YNeil Gaiman, an author, was told by the English department that they had decided to boycott the conference. What was their concern? He wrote comics—and one couldn’t write comics and be a real writer.
The years that followed will suggest otherwise. Today, Neil Gaiman—the creative force behind an extraordinary range of imaginative books, including American Gods, Good Omens Coraline—is one of the world’s most celebrated (and prolific) storytellers. Writing not just comics but novels, children’s books, poetry and more, he has topped bestseller lists, won Hugo and Nebula and Eisner Awards, and seen his work adapted for stage, radio, film, and television. And over the course of Gaiman’s long and consequential career—one that notably led Stephen King to describe him as a “treasure-house of story”—The SandmanHis most loved work may be “The Beatles”, a cult-hit that made millions of dollars.
This comic book was published first by DC Comics late 1980s. The series is currently available as a Netflix television series on Aug. 5. The SandmanThis is the tale of Morpheus (the master of dreams), as he explores the world in his dreams and attempts to rescue it from his ex-creatures. Though set against a backdrop of gods and their cosmic conflicts, it is (in the way of all good myths) a story deeply concerned with what it means to be human—our frailties, our failures, and the possibilities we envision when we close our eyes.
Gaiman talked to TIME about adaptation and the power of speculative literature, as well as what he learned from his worst nightmares.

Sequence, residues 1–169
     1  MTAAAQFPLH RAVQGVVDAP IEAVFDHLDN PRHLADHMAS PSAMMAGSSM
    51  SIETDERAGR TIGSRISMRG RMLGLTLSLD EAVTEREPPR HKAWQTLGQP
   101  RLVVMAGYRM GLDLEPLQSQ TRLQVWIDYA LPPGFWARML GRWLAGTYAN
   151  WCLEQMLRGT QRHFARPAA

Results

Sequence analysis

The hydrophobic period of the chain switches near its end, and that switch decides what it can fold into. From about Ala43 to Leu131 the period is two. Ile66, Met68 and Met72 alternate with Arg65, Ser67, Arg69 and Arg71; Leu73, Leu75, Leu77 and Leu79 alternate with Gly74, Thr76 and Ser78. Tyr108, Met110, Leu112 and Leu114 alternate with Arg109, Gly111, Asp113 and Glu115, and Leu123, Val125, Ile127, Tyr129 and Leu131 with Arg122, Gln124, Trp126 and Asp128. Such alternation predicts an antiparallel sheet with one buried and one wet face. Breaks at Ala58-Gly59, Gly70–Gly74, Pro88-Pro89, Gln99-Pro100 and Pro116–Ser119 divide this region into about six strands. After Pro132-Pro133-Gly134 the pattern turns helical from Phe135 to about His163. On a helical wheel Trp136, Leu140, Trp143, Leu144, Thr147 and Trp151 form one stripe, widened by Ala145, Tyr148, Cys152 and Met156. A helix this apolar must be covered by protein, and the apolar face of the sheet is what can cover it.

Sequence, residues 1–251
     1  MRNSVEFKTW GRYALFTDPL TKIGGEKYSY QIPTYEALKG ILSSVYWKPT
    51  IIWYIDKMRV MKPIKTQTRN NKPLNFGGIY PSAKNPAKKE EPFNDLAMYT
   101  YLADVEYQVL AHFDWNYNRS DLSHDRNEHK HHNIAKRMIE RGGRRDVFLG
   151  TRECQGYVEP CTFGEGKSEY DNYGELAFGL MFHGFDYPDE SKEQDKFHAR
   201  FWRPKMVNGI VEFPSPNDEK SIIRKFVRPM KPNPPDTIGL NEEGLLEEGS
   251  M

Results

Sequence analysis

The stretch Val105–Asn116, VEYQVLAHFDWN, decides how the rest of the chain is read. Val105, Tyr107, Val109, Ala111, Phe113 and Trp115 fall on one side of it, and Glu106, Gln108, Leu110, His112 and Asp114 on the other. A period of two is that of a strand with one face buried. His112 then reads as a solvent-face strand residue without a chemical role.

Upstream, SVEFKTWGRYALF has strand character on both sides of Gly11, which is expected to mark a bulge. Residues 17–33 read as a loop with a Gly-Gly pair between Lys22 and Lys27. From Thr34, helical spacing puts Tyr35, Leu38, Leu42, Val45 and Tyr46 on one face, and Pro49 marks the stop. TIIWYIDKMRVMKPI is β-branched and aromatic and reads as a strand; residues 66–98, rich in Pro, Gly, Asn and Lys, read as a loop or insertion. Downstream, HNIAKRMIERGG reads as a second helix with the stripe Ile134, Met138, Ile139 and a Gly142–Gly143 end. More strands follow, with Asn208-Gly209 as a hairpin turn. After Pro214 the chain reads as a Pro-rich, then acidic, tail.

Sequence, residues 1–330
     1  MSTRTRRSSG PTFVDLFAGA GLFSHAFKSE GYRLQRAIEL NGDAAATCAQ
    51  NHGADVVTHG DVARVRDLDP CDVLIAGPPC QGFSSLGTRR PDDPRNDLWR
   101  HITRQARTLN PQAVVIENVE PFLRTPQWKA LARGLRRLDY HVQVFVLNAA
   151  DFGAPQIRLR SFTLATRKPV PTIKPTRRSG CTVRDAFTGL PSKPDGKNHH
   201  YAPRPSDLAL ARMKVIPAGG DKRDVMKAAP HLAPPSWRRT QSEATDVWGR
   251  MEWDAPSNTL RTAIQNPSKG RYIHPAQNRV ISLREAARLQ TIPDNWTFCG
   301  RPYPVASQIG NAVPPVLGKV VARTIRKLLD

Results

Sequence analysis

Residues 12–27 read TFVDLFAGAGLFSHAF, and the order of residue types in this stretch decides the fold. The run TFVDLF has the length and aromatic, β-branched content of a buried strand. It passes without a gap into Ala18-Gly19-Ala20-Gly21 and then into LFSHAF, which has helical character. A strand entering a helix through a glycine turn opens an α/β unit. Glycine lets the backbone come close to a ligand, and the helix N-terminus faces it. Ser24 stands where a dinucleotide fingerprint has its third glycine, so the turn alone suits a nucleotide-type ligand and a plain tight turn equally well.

Continue reading: Netflix’s Mesmerizing SandmanThe Decades-long Wait for Adaptation is Well Worth It
TIME: It’s been over 30 years since you first put pen to paper on The Sandman. Was it difficult to revisit one of the most famous stories you have ever written all those years later.
Gaiman: It was almost as though we were accomplishing something unimaginable. I’d spent 30 years waiting for somebody to make a bad Sandman film. And just hoping that if I was really lucky, maybe it wouldn’t be bad. So getting to a place where we’re given the money and the resources to make SandmanComics are a surprise and a delight.
Did you find anything in your reading that was exciting to be updated?
We were reminded of how much we loved the comics by mainly reading them. SandmanHad been a little ahead of its times. It was filled with trans and gay characters. And now we’re doing a TV series of the comic. In a strange way, it feels like all of the work was done by us. In reality, we actually made it feel like it took a lot more time.